The Public Policy Institute poll boosted the argument for state governmental action on climate change – or so it seemed. Asked if likely voters agreed to reduce greenhouse gas emissions to 1990 levels by 2020 respondents liked the idea by 63% to 29%. Asked if the objectives set by SB 350 to require by 2030 that 50% of the state’s electricity come from renewable energy; petroleum use in cars be reduced by 50% and energy efficiency in buildings double, likely voters gave pollsters a loud affirmative: 74% on renewables, 63% on petroleum reduction and 68% on building efficiency.

However, that is as far as the poll went – it did not raise any consequences for the putting such mandates in place so there is no way to know how voters might react if they heard counter arguments.

It is one thing to ask if you like the idea of having ice cream at every meal and another to ask if you would accept ice cream at every meal if you understood that it could lead to weight gain and other potentially detrimental issues.

Hold the letters–I’m not comparing eating ice cream and greenhouse gases. But, you get the point about how answers might change depending on the information the poll respondents hear.

Perhaps voters would dismiss any negative arguments. They could think the goal of reducing greenhouse gases is paramount. They would also hear comments on what might happen if no action on climate change were taken. Yet, the issue of what effects SB 350 could have on the economy and the effects on poorer citizens is certainly part of the debate and was not tested in the poll.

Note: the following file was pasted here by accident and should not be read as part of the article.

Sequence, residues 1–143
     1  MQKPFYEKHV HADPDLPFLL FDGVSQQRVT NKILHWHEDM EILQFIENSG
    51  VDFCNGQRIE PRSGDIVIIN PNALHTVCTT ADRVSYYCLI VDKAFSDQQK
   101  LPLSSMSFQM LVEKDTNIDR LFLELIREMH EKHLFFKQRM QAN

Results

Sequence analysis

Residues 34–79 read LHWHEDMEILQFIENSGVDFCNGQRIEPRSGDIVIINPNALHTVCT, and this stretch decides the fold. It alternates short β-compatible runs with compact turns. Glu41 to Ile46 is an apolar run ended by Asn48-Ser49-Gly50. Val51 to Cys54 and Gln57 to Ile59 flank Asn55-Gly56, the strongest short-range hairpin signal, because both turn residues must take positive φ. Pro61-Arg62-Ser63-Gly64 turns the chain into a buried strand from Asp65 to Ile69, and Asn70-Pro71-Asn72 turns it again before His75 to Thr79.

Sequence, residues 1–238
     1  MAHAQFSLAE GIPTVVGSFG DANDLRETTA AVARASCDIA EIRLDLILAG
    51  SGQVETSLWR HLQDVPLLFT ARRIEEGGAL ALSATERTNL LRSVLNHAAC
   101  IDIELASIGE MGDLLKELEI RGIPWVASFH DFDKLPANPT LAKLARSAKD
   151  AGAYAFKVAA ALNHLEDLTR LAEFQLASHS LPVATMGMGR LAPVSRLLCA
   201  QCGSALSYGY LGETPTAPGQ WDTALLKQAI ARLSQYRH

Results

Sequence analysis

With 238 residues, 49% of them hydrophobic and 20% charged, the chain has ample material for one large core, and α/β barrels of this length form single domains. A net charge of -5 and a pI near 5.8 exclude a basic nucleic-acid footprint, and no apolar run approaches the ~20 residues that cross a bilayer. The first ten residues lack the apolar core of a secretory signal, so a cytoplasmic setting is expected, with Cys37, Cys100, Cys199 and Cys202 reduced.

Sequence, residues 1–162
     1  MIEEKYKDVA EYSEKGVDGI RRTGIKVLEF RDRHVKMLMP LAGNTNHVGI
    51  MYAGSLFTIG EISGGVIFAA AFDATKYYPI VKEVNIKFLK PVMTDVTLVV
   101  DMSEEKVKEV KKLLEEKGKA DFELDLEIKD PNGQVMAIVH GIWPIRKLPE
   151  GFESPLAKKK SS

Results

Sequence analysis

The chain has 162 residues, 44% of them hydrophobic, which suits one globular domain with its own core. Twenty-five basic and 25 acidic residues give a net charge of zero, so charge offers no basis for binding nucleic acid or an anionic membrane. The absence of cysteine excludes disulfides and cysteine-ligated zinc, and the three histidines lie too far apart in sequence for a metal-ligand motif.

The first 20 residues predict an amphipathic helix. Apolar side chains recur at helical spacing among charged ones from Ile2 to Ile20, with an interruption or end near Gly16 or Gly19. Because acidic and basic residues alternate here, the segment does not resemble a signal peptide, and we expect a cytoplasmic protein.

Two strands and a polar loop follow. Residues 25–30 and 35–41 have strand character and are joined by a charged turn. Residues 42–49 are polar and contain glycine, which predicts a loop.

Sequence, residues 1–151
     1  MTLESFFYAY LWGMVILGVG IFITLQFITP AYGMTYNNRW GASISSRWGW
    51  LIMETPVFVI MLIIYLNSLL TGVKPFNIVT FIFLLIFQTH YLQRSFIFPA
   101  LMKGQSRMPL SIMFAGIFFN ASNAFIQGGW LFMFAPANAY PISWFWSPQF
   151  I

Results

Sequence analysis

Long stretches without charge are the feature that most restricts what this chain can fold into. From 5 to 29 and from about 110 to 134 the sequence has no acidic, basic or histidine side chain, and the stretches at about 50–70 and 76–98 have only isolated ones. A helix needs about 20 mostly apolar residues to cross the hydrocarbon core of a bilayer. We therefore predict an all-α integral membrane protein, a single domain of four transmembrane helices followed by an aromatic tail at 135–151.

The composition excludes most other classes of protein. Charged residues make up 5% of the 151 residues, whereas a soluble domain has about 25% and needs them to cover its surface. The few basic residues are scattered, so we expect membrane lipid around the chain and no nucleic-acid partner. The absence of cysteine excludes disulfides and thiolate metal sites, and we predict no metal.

I asked PPIC president and pollster Mark Baldassare why potential negative cost implications of rising gas prices were not included in questions about SB 350. He said without specific cost information at the time of the survey, PPIC chose to look at the overall tracking question on the job impacts of the state doing things to reduce global warming as an indicator of perceived impacts.

That question asked: “Do you think that California doing things to reduce global warming in the future would cause there to be more jobs for people around the state, would cause there to be fewer jobs, or wouldn’t affect the number of jobs for people around the state?”

The results were fairly split: More jobs 38%, Fewer jobs 24% and No effect, 26%, Don’t know 13%.

The jobs argument will be central to the debate. Advocates for immediate action on climate change point to increased jobs in the relatively new industry of renewable energies; opponents claim jobs will be lost that rely on oil production both directly and indirectly.

Baldassare considered whether the poll numbers would change much if the negative arguments were included in the poll. He said, “I’m not sure if the responses would be different if the questions included the hypothetical pros and cons, and it may depend on how much of a benefit or how much of a cost is mentioned in these items.”

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